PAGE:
There was a significant reduction of placement of continuous indwelling urinary catheters in laboring women with epidurals. During the 2-month preimplementation period, 44% (n = 560) of laboring women with epidurals had nonindicated indwelling urinary catheters. Four months postimplementation, only 18% (n = 429) of laboring women had indwelling catheters placed that did not meet American Nurses Association (2015) CAUTI criteria, a 60% reduction of catheter placement (p < 0.001). Although rate of removing urinary catheters prior to pushing did not change (73% pre and post), there were significantly fewer catheters maintained or not documented they were removed prior to pushing (2 months baseline n = 315 catheters; 4 months postimplementation n = 114 catheters, p = 0.04). Clinical leaders from hospitals that retained urinary catheters during pushing were advised to immediately discontinue this practice due to risk of long-term urinary system harm.


Implementation of the second-stage bundle affected low-risk cesarean birth, reducing the newborn with complication rate and improving birth experience. The Joint Commission perinatal care measure PC-02, nulliparous, term, vertex, and singleton pregnancy (NTSV) was used to measure cesarean birth outcome. There was a significant decrease (p = 0.02) in the PC-02 NTSV cesarean rate 4 months postimplementation as compared with preimplementation rate (Table 3).

Table 3 - Click to enlarge in new windowTable 3. The 5 Ps Second-Stage of Labor Balancing and Outcome Metrics

The primary newborn outcome was the NQF Term Newborn Complication rate. Term newborn NICU admission has been an established newborn outcome measure in majority of second-stage labor studies. Our hospital system data revealed significant criteria variability for term newborn NICU admission related to processes (e.g., NICU admission for antibiotic prophylaxis), practices (e.g., pediatric provider location preferences), and conditions unrelated to second-stage of labor care (e.g., congenital malformations, neonatal abstinence syndrome). Therefore, NQF Term Newborn Complication rate was the selected proxy measure as standardized, coded conditions for specific preventable diagnoses using administrative data were readily available. There was a significant decrease in complications for all term births of newborns postimplementation versus preimplementation (p < 0.001), and for newborns from vaginal births (p = 0.03).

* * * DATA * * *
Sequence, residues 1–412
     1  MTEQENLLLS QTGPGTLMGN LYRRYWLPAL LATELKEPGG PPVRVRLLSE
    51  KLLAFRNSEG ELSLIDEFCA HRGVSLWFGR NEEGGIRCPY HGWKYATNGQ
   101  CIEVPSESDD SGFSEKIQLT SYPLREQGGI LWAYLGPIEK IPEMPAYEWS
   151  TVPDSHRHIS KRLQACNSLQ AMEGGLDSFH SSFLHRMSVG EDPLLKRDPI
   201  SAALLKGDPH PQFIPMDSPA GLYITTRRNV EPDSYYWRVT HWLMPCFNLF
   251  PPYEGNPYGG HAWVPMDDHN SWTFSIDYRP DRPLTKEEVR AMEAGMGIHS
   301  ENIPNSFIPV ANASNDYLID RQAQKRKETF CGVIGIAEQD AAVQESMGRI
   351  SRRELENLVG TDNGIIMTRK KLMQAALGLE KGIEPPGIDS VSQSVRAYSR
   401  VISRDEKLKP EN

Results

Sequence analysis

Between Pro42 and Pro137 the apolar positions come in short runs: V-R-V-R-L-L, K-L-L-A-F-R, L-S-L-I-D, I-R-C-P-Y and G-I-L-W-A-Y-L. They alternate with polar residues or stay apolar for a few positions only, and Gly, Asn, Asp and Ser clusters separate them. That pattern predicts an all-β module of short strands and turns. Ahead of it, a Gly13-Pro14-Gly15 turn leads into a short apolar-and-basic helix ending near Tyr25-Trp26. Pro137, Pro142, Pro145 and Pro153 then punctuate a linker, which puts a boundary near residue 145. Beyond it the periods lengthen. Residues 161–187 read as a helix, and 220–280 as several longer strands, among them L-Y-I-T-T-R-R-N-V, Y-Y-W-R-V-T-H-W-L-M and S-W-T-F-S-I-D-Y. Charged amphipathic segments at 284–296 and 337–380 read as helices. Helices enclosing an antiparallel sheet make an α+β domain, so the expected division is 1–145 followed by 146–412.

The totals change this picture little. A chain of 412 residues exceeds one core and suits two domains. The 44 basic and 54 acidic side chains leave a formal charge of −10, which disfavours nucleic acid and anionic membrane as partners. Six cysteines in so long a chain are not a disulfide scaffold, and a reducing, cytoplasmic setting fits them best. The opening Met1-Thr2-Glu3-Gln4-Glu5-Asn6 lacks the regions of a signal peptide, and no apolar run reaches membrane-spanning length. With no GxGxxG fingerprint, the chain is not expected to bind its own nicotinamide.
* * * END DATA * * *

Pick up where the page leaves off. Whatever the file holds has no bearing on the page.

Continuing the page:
Women's reported HCAHPS "likely to recommend" satisfaction scores were derived from vaginal and cesarean birth DRGs to report birth experience. Prior to bundle implementation, birth experience was the 69th percentile. By 4 months post-implementation, this rate increased to 81st percentile for women reporting satisfaction with their birth, and likely to recommend their hospital. Nurses attributed this improvement trend to birth practices that supported women's birth plans and preferences through patience, positioning for comfort and progress, and supporting her spontaneous pushing efforts, as there was no other competing experience of care initiative during this period.


Balancing metrics are important safety measures to ensure practice changes do not negatively affect other outcomes. Contrary to previous retrospective study concerns, this prospective standardized implementation of a second-stage labor bundle revealed no significant differences during the 4-month postimplementation period in maternal morbid conditions (i.e., chorioamnionitis, postpartum hemorrhage), operative vaginal birth, shoulder dystocia, and newborn birth trauma (Table 3). Our findings support importance of setting practice guidelines based on prospective, planned, standardized implementation rather than inferred outcomes from an analysis of large data sets.


There was no significant increase in the total second-stage duration (pre-75.3 +/- 89.6 minutes; post-74.7 +/- 94.5 minutes, p = 0.38). Passive second-stage duration was unchanged (pre-28.0 +/- 44.3 minutes; post-31.9 +/- 51.9 minutes, p = 0.11). Average length of active pushing phase was significantly shorter postimplementation (pre-47.2 +/- 67.3 minutes; post-42.8 minutes +/- 62 minutes, p = 0.01).